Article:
To help investors keep up with the markets, we present our ETF Scorecard. The Scorecard takes a step back and looks at how various asset classes across the globe are performing. The weekly performance is from last Friday’s open to this week’s Thursday close.
Brexit is down to the wire, although investors have not shown any signs of angst. British Prime Minister Theresa May won an unconditional small two-week extension to the Brexit date, although she asked for three months. The Europeans signaled they would only agree if the deal is approved in the British Parliament, which already rejected her agreement twice. If the Parliament rejects May’s deal again, the Prime Minister would have to request for a longer extension, to which EU policymakers indicated they would agree if Britain is willing to participate in the upcoming elections for the European Parliament. If she refuses, the no-deal Brexit will be back on the table. The U.S. Federal Reserve has signaled there would be more rate hikes this year, as it sees lower economic growth amid rising trade tensions. The Fed kept interest steady, in a widely expected move. Just in December, the Fed estimated two interest rate hikes this year, but abruptly changed course after yields rose and stocks plunged. The Bank of Japan policymakers were at loggerheads over the central bank’s next steps, as risks to the fragile economic recovery mount. One policymaker noted the BoJ should act decisively and increase its stimulus program if the economy deteriorates, according to the bank’s minutes, although most members agreed to maintain the current program intact. U.S. consumer sentiment rose for the third consecutive month, with the University of Michigan’s index advancing from 93.3 to 97.8 in March. Analysts had expected a figure of 95.5. As Brexit worries mount, U.K. wages growth continues to hover near ten-year highs. Wages rose 3.4% in the three months through January compared with the same period last year, slightly falling from 3.5% in the prior month. Economists forecasted wage growth of 3.2%. U.K. unemployment rate, meanwhile, declined to 3.4% in January from 3.5%. Meanwhile, British inflation came in at 1.9% in February versus 1.8% expected. U.S. unemployment claims of 221,000 for the week ended March 15 signals a strong job market. In the prior week, jobless claims stood at 230,000.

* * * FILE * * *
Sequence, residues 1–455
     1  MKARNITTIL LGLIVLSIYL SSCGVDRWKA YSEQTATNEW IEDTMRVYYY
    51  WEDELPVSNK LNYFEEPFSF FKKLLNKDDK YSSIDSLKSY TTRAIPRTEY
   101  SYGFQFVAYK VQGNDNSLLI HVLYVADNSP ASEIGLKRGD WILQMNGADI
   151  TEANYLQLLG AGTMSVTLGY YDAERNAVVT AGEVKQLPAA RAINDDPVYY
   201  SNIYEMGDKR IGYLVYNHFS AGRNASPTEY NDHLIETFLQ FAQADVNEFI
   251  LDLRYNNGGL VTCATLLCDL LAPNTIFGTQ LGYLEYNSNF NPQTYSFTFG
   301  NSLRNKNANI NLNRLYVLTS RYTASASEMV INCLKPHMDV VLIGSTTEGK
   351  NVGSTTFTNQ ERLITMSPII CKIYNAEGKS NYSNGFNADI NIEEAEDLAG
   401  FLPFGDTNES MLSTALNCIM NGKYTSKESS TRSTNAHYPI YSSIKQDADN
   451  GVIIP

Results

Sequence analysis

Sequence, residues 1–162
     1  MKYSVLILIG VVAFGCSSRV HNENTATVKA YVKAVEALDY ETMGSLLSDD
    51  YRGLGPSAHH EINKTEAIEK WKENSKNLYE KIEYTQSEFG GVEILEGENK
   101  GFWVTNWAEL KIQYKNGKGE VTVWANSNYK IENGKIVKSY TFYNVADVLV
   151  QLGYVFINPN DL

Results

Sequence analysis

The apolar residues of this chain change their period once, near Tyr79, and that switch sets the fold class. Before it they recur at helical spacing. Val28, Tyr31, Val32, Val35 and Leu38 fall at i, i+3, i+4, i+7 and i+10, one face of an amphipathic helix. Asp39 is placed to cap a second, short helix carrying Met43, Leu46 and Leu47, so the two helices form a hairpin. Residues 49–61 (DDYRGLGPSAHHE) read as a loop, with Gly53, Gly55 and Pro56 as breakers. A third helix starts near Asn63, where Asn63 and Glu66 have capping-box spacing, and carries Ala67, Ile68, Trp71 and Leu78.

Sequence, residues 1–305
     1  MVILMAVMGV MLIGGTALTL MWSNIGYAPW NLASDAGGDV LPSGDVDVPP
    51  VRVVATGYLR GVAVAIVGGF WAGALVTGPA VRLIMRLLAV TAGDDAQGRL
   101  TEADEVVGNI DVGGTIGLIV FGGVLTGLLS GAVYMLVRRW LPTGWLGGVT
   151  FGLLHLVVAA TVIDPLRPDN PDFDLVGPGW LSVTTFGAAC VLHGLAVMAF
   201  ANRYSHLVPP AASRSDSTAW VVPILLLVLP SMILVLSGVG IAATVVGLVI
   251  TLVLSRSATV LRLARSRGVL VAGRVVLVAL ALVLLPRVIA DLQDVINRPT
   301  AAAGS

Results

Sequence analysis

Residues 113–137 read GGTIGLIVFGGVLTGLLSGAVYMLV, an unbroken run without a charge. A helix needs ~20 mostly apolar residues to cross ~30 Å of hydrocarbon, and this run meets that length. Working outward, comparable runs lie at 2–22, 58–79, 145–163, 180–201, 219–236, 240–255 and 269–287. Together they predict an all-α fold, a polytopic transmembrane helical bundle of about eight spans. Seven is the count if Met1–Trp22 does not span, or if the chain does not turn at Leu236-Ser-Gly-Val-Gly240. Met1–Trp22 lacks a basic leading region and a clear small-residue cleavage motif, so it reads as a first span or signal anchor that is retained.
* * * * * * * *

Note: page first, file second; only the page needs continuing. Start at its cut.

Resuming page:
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Risk Appetite Review
High risk assets (SPHB B-) advanced 2.63% this week, representing the best performance from the pack by far, as the Federal Reserve signaled that no interest raises will be made this year. The broad market (SPY A) was up 1.19% this week, while low volatility (SPLV A) was the worst performer with a jump of 0.11%.
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Major Index Review
All major indexes were up.
Technology stocks (QQQ A-) powered ahead this week, staging gains of more than 3%, amid optimism about the Fed’s dovish stance on monetary policy. Emerging markets (EEM A-) also had a strong week, gaining 2.8%.
On the other side of the spectrum were small-cap stocks (EEM A-), which were up just 0.24% and were the only asset to fall for the rolling month.
To see how these indices performed over the past year, check out ““ETF Scorecard: March 15 Edition”":https://etfdb.com/news/2019/03/15/etf-scorecard-march-15-2019-edition/
Sectors were mixed. Financials, industrials and utilities were hit hard this week, with (XLF A) declining the most, 1.44%, as investors expect low interest rates will hit the banks’ bottom lines. The technology sector (XLK A) was again the best performer from the pack, with an advance of nearly 4%.
Use our “head to head comparison tool”: http://etfdb.com/tool/etf-comparison to compare two ETFs such as (XLI A) and (XLY A) on a variety of criteria such as performance, AUM, trading volume and expenses.
Foreign Equity Review
Foreign equities were mixed. Russian equities (RSX B+) surged 4.22% this week, in part due to a weaker dollar and strong oil prices. Brazilian equities (EWZ B+) corrected some of the gains registered in previous weeks that were rooted in President Jair Bolsonaro’s promised reforms. (EWZ B+) declined 1.26%. The rest of foreign equities posted relatively strong gains.
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Euro (FXE A) lost 2.15% this week, while the British pound (FXB A-) was the second-worst performer. The European economy has been rather weak of late. At the same time, the U.K. economy has been surprisingly strong, with Brexit fears representing the only overhang on the currency’s prospects. Emerging market currencies (CEW A) advanced nearly 1% this week.
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Disclosure: No positions at time of writing.